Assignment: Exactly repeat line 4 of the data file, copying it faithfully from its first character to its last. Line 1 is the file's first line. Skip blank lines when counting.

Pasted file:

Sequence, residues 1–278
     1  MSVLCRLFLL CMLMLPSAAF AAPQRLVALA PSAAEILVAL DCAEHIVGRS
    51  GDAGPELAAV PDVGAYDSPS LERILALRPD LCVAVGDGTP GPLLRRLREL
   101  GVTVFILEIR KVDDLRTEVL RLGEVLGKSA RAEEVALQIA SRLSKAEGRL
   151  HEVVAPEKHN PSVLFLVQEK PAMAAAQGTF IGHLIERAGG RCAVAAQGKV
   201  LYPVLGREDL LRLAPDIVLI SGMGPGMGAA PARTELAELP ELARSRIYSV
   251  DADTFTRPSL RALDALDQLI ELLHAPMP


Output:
   101  GVTVFILEIR KVDDLRTEVL RLGEVLGKSA RAEEVALQIA SRLSKAEGRL